American engineer and entrepreneur, most widely known as the first space tourist to fund his own trip into space. In mid-2001, he spent nearly eight days in orbit as a crew member of ISS EP-1, a visiting mission to the International Space Station.
In a project first arranged by MirCorp, Tito was accepted by the Russian Federal Space Agency as a candidate for a commercial spaceflight. Tito met criticism from NASA before the launch, primarily from Daniel Goldin, at that time the Administrator of NASA, who considered it inappropriate for a tourist to take a ride into space. MirCorp, Goldin and Tito are profiled in the documentary film Orphans of Apollo. When Tito arrived at the Johnson Space Center for additional training on the American portion of the ISS, Robert D. Cabana, NASA manager, sent Tito and his two fellow cosmonauts home, stating, “…We will not be able to begin training, because we are not willing to train with Dennis Tito.”
Later, through an arrangement with space tourism company Space Adventures, Ltd., Tito joined the Soyuz TM-32 mission on April 28, 2001. The spacecraft docked with the International Space Station. Tito and his fellow cosmonauts spent 7 days, 22 hours, 4 minutes in space and orbited the Earth 128 times. Tito performed several scientific experiments in orbit that he said would be useful for his company and business. Tito paid a reported $20 million for his trip.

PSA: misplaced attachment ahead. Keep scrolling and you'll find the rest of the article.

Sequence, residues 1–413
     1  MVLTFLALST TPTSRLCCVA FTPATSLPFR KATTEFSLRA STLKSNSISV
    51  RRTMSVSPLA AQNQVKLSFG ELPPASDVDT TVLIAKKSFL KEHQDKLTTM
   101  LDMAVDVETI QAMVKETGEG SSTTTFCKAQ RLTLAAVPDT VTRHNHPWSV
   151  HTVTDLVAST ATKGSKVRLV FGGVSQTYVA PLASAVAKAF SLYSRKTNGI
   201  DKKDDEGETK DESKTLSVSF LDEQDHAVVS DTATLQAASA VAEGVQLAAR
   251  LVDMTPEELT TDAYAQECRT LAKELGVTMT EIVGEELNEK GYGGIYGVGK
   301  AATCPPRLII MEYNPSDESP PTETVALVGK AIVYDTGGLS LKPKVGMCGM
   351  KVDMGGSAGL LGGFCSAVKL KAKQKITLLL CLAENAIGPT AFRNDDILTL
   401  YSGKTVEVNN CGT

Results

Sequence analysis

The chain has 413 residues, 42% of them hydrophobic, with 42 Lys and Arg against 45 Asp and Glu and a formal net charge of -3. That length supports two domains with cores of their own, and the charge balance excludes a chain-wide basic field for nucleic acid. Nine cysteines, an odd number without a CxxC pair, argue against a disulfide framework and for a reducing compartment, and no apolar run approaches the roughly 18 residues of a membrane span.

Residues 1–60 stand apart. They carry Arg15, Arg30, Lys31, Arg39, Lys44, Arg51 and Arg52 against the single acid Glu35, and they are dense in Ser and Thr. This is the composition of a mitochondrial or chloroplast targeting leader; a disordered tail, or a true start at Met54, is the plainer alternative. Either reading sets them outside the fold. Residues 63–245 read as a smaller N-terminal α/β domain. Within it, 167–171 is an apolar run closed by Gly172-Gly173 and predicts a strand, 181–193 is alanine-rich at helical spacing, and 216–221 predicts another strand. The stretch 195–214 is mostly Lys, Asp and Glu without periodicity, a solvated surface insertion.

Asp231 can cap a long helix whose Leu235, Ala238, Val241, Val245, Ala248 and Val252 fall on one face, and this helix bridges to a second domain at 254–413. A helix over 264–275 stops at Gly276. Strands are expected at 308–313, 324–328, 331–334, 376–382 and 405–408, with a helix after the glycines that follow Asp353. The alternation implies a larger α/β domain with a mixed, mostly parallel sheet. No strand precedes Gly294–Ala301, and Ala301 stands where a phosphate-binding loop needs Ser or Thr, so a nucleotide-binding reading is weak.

Since returning from space, he has testified at the Senate Committee on Commerce, Science & Transportation, Subcommittee on Science, Technology, and Space and the House Committee on Science, Subcommittee on Space & Aeronautics Joint Hearing on “Commercial Human Spaceflight” on July 24, 2003. Ten years after his flight, he gave an interview to BBC News about it.